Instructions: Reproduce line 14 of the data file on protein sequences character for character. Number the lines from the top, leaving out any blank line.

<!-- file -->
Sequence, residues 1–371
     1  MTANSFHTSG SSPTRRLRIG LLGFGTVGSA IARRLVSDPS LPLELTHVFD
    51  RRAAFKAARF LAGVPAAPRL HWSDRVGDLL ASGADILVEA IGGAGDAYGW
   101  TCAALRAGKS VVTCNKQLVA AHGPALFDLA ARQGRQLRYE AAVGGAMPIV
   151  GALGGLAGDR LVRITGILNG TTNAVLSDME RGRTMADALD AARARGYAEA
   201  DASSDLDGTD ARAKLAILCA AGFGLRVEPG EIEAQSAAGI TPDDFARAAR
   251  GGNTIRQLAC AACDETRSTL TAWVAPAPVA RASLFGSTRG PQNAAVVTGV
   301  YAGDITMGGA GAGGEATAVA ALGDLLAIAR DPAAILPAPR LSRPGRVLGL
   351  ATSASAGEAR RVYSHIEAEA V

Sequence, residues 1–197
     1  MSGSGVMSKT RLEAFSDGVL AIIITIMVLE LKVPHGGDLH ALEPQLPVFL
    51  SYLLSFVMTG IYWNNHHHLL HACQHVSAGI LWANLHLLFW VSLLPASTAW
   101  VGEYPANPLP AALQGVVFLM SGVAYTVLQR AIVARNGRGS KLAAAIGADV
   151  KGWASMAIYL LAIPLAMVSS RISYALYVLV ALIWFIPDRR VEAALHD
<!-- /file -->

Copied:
   151  KGWASMAIYL LAIPLAMVSS RISYALYVLV ALIWFIPDRR VEAALHD